Housing starts are trending upward at 213,768 units in April 2017, compared to 210,702 units in March, according to Canada Mortgage and Housing Corporation (CMHC). The trend measure is a six-month moving average of the monthly seasonally adjusted annual rates (SAAR) of housing starts.
“New housing construction increased in Canada, with seasonally adjusted data exceeding 200,000 units for five months in a row,” said Bob Dugan, CMHC’s chief economist, in a press release. “The increase in the trend was mainly due to apartment construction in British Columbia and Quebec, which was partly offset by a decline in Ontario’s multiple starts.”
In Halifax, apartment construction continues to drive the residential market. In April, over 400 additional multiple starts broke ground, bringing year-to-date multiples starts growth to 169 per cent, compared to last year. Demand is partly due to downsizing baby boomers that are choosing to sell their homes and move into rental units.
In the province of Quebec, the rate of housing starts fell in April, but the total for the first four months of 2017 was up by about 30 per cent in the province’s urban centres. This was mainly due to the significant number of apartments being constructed, especially rental units, in the Montreal and Quebec areas. In addition, single-detached home starts have been strong this year, partly due to tightening resale market conditions.
Despite the slight decline in Gatineau housing starts in April, the region showed positive results for the first four months of 2017. Increases in Gatineau were particularly strong in the rental segment, with construction commencing on many seniors’ housing units. Overall, starts were supported by climbing housing demand and a decrease in the number of unsold units, both new and existing.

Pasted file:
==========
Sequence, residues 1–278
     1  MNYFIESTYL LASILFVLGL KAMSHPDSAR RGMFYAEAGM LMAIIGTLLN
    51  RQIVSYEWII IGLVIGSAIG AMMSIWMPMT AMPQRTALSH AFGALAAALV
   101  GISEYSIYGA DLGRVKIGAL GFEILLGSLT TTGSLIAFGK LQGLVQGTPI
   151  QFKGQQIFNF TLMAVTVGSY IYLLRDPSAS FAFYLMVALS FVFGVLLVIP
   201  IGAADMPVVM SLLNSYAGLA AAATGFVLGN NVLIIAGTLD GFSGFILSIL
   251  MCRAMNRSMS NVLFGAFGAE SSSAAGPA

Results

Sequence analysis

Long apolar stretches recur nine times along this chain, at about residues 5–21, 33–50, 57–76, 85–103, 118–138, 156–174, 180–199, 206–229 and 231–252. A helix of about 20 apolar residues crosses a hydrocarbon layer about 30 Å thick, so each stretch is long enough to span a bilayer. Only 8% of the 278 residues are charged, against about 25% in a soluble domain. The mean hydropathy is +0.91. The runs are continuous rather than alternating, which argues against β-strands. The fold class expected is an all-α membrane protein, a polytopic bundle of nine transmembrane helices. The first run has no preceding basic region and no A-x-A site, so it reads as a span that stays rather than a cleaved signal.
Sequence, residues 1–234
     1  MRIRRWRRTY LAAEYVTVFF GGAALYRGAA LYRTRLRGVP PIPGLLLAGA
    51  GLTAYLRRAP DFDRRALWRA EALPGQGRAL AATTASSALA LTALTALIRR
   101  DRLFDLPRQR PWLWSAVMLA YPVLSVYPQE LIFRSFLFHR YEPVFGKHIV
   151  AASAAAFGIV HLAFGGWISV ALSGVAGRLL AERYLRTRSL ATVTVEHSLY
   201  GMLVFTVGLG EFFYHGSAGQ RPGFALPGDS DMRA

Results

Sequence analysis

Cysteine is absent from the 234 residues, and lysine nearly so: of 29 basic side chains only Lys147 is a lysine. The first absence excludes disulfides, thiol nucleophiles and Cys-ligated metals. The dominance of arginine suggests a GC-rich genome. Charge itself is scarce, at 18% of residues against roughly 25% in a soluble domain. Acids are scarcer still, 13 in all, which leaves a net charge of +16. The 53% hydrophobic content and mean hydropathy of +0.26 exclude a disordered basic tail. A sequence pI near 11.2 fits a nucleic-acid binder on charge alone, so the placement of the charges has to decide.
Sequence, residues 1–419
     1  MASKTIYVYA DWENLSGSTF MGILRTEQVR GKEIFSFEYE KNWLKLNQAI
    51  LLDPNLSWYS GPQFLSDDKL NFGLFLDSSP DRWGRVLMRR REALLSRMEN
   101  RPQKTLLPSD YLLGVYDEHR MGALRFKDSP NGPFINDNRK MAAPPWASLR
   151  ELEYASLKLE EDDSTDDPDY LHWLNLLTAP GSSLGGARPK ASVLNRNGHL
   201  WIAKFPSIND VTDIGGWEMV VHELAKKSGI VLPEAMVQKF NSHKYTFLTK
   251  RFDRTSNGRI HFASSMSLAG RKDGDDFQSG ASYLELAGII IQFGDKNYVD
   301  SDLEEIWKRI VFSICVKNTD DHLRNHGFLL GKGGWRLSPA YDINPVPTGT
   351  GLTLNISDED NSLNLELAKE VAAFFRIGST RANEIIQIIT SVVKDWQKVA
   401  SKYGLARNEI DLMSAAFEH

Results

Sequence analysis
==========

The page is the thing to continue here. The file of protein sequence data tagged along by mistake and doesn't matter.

The trend in Toronto’s housing starts remained stable in April, as small increases in low-rise homes were offset by declines in apartment starts. Overall, new home construction this year has been gaining speed as both new single-detached and townhome starts trended higher to reach a nine-year high in April. Tight conditions in the resale market continue to cause demand to shift to the new home market.
London’s single-detached starts were significantly higher in April 2017 compared to the year before and the ten-year average for the month. The difference between house prices in Toronto and London has widened significantly, making new single-detached homes in London more appealing to retirees who want to sell their Toronto home but not sacrifice on space.
In Winnipeg, a decrease in inventories in the new home market and balanced resale market conditions are allowing builders to increase production. The number of actual housing starts in April climbed year-over-year for the fourth consecutive month, boosting year-to-date starts to their highest levels since 1987.
The trend measure for Kelowna housing starts climbed in April, due to an increase in both single-detached and multi-unit construction. Particularly, several large apartment rental projects are now under construction as builders continue to respond to the low vacancies that have plagued the region’s rental market for the past two years.
Housing starts in Metro Vancouver trended higher for the first time in four months, led by multi-unit residential construction. Builders are responding to the high demand in the market, as approximately 80 per cent of townhomes and 100 per cent of apartments were sold at completion during the last two months.
The standalone monthly SAAR of housing starts for all regions of Canada was 214,098 units in April, compared to 252,305 units in March. The SAAR of urban starts fell by 15.3 per cent in April to 199,485 units. Multiple urban starts decreased by 16.7 per cent to 134,314 units, while single-detached urban starts dropped by 12.1 per cent to 65,171 units.
Rural starts were estimated at a SAAR of 14,613 units.